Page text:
Pat Shingleton: "Sea Smells and The Tempest"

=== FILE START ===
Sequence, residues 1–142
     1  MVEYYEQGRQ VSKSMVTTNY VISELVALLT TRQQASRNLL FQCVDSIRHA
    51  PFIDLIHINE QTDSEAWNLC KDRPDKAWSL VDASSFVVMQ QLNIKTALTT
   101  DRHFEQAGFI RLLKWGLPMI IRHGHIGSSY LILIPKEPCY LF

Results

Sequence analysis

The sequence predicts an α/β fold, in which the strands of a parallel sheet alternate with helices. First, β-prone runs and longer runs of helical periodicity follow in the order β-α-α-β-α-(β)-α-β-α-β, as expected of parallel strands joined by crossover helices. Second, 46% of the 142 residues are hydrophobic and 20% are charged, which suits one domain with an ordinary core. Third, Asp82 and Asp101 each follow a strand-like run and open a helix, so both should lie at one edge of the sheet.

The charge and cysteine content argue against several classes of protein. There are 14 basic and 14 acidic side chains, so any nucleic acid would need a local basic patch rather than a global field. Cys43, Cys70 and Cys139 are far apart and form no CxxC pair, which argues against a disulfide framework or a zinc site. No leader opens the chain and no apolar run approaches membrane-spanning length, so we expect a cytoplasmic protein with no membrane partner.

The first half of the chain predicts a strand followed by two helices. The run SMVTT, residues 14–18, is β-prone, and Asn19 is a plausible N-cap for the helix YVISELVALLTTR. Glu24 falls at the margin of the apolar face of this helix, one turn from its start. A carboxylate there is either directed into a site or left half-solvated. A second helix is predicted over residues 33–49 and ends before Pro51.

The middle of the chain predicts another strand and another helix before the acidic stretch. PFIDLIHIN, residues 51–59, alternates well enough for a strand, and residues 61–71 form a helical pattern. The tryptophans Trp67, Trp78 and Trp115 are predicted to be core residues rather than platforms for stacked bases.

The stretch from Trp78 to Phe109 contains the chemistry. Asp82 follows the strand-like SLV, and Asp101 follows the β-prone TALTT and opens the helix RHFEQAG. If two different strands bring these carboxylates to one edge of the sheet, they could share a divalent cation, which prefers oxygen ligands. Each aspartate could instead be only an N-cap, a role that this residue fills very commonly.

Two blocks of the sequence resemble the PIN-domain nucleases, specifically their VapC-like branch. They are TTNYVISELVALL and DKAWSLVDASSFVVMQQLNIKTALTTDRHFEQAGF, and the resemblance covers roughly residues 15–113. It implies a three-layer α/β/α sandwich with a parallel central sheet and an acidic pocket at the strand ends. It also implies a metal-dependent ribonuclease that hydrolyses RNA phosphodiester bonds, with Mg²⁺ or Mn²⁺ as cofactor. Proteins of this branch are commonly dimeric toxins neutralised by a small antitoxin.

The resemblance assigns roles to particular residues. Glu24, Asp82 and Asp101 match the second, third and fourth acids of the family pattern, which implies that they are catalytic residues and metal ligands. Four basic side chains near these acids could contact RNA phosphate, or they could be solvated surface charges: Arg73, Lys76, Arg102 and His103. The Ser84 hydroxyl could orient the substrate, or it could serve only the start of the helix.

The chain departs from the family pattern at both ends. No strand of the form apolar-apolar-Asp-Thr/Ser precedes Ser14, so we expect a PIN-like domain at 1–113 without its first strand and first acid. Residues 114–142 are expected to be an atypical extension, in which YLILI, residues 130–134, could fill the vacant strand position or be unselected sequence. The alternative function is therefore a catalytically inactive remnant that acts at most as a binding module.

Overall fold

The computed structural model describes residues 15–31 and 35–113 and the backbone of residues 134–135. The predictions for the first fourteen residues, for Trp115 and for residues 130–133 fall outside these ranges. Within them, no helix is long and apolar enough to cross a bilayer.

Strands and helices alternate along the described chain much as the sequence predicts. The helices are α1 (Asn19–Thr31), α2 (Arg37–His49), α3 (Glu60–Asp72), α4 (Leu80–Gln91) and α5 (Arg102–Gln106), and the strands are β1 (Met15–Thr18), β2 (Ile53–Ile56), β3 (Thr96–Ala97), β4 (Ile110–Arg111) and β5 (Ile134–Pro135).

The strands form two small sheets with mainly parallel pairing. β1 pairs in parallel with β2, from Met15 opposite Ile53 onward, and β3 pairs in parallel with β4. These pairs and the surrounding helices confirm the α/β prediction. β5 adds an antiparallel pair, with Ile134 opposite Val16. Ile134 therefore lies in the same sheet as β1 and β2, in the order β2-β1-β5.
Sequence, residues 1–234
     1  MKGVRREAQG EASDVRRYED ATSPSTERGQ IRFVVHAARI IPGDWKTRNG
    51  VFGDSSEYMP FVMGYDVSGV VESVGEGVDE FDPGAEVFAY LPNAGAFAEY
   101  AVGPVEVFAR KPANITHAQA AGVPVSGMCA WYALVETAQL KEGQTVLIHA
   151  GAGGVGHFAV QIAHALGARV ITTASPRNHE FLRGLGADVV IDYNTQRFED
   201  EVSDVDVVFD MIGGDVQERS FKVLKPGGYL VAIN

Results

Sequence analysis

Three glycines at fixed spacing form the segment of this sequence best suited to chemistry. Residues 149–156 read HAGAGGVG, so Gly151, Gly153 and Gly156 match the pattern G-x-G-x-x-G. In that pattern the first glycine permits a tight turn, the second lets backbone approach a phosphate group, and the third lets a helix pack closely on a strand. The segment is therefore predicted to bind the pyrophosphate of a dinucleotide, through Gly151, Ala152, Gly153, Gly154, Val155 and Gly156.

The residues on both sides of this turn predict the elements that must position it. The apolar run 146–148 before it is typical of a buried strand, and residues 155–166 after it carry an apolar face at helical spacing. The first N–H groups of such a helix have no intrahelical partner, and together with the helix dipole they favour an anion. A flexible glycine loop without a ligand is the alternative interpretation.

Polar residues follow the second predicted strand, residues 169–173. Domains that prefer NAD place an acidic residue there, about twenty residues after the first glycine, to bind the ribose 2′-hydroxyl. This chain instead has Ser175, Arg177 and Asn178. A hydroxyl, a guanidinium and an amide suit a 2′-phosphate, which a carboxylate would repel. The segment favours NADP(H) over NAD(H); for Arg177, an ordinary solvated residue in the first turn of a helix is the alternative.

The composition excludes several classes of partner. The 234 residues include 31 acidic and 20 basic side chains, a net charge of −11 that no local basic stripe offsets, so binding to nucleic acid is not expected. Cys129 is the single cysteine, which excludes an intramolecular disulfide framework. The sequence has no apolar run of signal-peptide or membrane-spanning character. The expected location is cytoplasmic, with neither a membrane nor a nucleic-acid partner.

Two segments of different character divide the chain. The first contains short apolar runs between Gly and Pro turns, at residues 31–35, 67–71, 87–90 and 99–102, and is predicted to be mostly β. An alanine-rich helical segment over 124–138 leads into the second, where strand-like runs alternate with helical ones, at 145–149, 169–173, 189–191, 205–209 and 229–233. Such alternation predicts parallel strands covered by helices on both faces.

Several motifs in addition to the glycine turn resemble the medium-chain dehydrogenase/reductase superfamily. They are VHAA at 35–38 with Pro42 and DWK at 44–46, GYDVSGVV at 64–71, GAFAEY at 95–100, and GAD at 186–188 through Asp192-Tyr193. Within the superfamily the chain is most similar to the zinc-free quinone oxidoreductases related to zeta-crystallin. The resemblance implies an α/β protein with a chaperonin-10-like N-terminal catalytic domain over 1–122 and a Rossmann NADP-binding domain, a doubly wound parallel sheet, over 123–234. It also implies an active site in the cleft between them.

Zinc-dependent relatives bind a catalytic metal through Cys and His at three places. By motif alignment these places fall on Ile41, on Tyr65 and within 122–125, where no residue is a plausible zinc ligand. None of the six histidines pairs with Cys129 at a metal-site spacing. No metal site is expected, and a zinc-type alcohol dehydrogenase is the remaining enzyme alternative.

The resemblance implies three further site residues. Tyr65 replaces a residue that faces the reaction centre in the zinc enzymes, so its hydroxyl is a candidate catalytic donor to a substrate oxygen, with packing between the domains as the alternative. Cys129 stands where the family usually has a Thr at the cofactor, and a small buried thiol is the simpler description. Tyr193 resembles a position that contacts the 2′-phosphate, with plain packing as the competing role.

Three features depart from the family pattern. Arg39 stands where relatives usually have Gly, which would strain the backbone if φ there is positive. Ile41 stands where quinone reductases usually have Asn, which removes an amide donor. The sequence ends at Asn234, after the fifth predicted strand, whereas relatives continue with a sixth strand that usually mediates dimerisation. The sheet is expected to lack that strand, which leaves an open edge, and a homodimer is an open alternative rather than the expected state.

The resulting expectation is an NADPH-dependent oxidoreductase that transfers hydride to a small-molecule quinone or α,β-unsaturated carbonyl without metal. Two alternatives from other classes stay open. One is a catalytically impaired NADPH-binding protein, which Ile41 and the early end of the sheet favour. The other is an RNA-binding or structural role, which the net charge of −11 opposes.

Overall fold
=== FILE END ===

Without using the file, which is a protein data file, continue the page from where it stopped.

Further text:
On your trips to the coast you know your close when you smell the salt air. Science Magazine reported that the fishy, tangy smell is actually a bacteria gas. Andrew Johnson of the University of East Anglia prepared the study that suggested sea smells emanate from a pungent gas called dimethyl sulfide and originates in the emission of sulfur from the ocean. DMS is produced when bacteria feast on dying sea plants and plankton. Johnson bekieved that humans aren’t the only ones acclimated to the smell. Some seabirds use the odor to locate food sources. When the scientific team opened a bottle containing DMS-producing bacteria, the team was bombarded by hungry seabirds. In keeping it on the ocean... A fleet of nine ships carrying 500 colonists from England to Virginia ran into a hurricane near Bermuda on July 24, 1609. One vessel sank and seven of the ships made it to Jamestown but the flagship, Sea Venture, didn’t reach port. After several weeks it was believed to be lost, including the new governor of Virginia, Sir Thomas Gates. The Jamestown inhabitants accepted the tragedy and set about the work of building their new homes. Surprisingly, on May 23, 1610 most of the passengers of the Sea-Venture arrived in Jamestown on two small pinnaces. Their ship ran aground on a reef near Bermuda, an island paradise that other sailors referred to as the “Ile of Divels.” They stayed there for nine months while building the two small ships. Back in England a playwright read an account of the miraculous shipwreck and in 1611 he, William Shakespeare, finished The Tempest, his last complete play.
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